When we are running our race, we have an idea of how things will go. SUre we will face obstacles and we will have disappointments, but most of us dream of not only clearing these hurdles but finishing the race with arms outstretched in triumph breaking the ribbon and crossing the finish line.
However, the reality is that some of us face a challenge so great that we pull up sharply in agonising pain and tumble to the ground, protrate. The shock of pain is so sharp, painful and sudden that we cannot catch our breaths much less get up to finish the race. We begin to think we have lost. “We have lost”, there is no way we can win, all the runners have gone way ahead and there is no way we can get past the pain much less to continue, catch them up and place.
Too many of us at this point decide to give up, “why bother, isn’t the aim to win?” “If I cannot win why bother”. So we still too long and think too much of the humiliation we face. We hear the whispers, “poor thing, so much potential, wasted”. Another nail in the coffin, why bother? The results will not match the potential, what was the point of it all?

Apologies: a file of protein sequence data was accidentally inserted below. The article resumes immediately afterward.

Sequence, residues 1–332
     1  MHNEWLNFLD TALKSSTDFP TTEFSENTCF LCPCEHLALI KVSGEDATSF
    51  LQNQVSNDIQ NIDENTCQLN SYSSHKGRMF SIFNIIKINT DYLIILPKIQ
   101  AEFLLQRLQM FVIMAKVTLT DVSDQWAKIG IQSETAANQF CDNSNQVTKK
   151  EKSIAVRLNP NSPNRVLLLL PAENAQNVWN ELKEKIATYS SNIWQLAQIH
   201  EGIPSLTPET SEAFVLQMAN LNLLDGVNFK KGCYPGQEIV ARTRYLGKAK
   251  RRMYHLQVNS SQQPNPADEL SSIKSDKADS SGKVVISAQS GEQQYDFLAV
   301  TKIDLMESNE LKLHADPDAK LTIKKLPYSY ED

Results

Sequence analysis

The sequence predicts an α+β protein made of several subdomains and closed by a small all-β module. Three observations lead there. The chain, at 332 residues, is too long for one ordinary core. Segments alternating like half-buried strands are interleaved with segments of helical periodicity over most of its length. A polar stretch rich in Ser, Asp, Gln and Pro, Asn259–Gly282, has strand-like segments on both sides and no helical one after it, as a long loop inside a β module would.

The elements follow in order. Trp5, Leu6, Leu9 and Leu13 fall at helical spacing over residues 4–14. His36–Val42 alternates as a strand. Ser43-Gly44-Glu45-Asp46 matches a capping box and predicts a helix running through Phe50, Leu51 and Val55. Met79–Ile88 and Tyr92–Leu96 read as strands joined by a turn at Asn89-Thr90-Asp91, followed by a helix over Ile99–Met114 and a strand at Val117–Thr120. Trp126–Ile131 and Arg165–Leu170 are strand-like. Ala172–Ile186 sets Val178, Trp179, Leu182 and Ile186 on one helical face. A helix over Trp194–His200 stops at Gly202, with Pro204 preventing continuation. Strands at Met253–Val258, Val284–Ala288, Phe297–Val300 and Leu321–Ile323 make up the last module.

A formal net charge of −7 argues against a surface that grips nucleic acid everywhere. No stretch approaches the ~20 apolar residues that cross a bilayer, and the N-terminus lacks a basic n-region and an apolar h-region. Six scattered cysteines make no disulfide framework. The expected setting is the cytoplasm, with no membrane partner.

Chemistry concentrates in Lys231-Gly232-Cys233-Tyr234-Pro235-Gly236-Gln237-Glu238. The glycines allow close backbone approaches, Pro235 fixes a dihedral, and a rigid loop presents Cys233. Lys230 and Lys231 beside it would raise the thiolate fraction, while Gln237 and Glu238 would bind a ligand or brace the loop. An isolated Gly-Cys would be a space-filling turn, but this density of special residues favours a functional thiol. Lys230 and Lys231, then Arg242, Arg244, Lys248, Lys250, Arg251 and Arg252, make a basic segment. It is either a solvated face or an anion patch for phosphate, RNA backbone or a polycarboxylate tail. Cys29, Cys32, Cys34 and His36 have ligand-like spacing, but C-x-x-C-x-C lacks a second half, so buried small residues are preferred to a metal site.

Since the race has been lost why bother. Will I lay here and let the shame of my defeat wash over me?
Then there is the story of Derek Redmond. A story that leaves you in tears.
But It’s not over. Should we run to win the race or to complete it? Which is greater? When others pass by, long gone, for one reason or another, giving up is not an option. What is the prize that we should aim for when we run our race? Is it that piece of paper that you get at graduation, that promotion, that house car, what is the prize that we should run for. If there is one thing that I realise it is that he did not continue to get a medal that chance had long gone, but still he continued to finish his race. All his life he was known as a winner and when winning mattered so much to so many, finish mattered more in the end for him.
For us too, many of us face hurdles that damage us so greatly that we feel like walking off the track instead of continuing. However, we have to continue we have to press on. I realise it is not how we start but how we finish our race. Mny remember Redmon’s race than they do the race of the person who won. Many persons have been inspired by his seeming defeat to continue at a time when they feel like giving up. It is true that our actions have a great impact on us and others who look on at what we do and say and from that we can inspire generations to come.
Though we may lose more than we win, we must run the race with the determination to finish, knowing that we will not finish alone.